Citi Bike Is Finally Being Treated Like Public Transit

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After months of troubles reported by New York City's bikeshare, it seems that Citi Bike has finally charted a path towards success. It's going to be more expensive, but will offer improved service and more bikes. But here's the change that will make all the difference: Citi Bike will get a new leader—one who used to run the city's transit authority.

First, the news announced yesterday was that Alta, the company that has been running Citi Bike (and other bikeshares, with some financial difficulty), has been acquired by a brand new corporation. Bikeshare Holdings LLC is headed by the fitness chain Equinox with investment from developer Related Companies. Citibank will still fund the program through 2024.

With this new infusion of cash, the number of stations will double to 700 stations and 12,000 bikes by 2017, with the system reaching into currently underserved neighborhoods in Brooklyn and Queens. All the existing bikes will be given a tuneup before being returned to service. Here's the only potential bad news: An annual pass will go up—way up—from $95 to $149. People who live in affordable housing can get a pass for $60.


But there's one more change that is poised to transform Citi Bike—and dramatically change the role of the bikeshare service in the city. The new Citi Bike boss is a man named Jay Walder, former chief of New York's MTA who resigned in 2011 to go work for Hong Kong's transit authority. Before that he was at Transport for London, where he was credited for bringing the city's transit system into the 21st century.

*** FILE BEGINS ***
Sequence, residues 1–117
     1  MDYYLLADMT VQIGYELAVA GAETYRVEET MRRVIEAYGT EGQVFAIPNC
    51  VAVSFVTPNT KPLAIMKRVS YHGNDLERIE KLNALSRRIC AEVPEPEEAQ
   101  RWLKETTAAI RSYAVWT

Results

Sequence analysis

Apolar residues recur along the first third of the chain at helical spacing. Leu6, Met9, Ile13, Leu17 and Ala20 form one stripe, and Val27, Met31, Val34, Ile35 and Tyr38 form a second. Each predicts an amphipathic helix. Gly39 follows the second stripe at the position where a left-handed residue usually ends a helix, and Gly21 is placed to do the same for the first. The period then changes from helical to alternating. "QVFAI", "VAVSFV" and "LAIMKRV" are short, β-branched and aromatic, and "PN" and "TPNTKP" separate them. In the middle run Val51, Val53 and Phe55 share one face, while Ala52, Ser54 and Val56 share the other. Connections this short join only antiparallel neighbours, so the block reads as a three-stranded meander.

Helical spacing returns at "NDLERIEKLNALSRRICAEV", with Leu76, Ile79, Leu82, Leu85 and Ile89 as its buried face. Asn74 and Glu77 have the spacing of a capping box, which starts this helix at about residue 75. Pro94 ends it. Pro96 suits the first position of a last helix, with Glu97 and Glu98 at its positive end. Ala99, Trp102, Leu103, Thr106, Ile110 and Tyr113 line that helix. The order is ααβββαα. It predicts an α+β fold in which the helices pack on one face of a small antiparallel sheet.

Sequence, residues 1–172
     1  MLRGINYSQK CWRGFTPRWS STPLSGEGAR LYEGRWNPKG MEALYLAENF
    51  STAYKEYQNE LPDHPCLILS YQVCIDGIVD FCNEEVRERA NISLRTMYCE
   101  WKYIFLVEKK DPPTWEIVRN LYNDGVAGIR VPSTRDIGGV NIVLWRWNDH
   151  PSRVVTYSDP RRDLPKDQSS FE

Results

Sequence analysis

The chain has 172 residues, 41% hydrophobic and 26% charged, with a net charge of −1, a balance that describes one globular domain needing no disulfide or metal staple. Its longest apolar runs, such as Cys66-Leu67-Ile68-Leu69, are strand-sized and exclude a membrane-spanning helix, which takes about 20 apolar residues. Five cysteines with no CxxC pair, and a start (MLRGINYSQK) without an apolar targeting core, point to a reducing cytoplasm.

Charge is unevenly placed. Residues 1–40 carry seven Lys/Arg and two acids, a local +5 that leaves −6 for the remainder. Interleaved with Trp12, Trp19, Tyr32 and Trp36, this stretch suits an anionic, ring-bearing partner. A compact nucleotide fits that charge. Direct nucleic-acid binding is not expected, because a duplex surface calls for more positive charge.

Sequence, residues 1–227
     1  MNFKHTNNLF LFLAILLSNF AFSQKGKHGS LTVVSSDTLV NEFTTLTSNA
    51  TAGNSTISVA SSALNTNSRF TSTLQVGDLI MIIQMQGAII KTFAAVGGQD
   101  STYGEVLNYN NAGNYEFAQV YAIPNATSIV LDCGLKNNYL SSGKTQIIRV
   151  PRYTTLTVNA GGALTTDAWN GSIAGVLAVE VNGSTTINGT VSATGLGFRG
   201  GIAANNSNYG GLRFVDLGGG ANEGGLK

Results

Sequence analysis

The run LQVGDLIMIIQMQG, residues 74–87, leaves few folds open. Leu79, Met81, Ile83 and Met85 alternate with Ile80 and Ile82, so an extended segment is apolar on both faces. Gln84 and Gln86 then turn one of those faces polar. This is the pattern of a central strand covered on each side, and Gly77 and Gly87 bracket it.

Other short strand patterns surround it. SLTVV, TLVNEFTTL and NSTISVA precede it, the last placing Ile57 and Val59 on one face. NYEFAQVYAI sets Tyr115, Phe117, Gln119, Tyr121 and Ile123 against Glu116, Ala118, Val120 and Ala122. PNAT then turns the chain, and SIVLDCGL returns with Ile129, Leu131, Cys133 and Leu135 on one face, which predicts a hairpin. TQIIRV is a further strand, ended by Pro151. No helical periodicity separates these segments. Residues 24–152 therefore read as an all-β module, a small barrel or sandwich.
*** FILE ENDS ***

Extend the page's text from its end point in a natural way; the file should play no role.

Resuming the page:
Under Walder's leadership, Citi Bike also plans to add a chief of technology, which would bring some of their already impressive algorithmic and data-mining work to the forefront. And he also hinted that the system is finally going to do something about the confusing checkout procedure and broken kiosks that results in a degraded user experience.


The implications around Walder's tenure could provide an important distinction from the way that bikeshare is treated in many cities. The fact that these systems are privately managed and funded, and not under the jurisdiction of public transit authorities, is what contributes to their operational woes, but also creates a larger perception that bikeshare is more for fun or recreation, instead of a viable way to get around town.

NYC's system still remains vulnerable to the whims of private ownership (and the vitality of a bank), but Walder brings a de facto transit authority perspective. Not only will he bring years of experience running three of the largest and most successful transit systems in the world, he'll be approaching Citi Bike as a systemic, citywide transportation solution.


A bikeshare should be as critical to a city's transportation infrastructure as a subway, bus, or sidewalk. It's high time that New York's system starts acting like it. Let's hope that this is the start of a new era for bikeshare across the country. [Streetsblog]

Photo by Bebeto Matthews/AP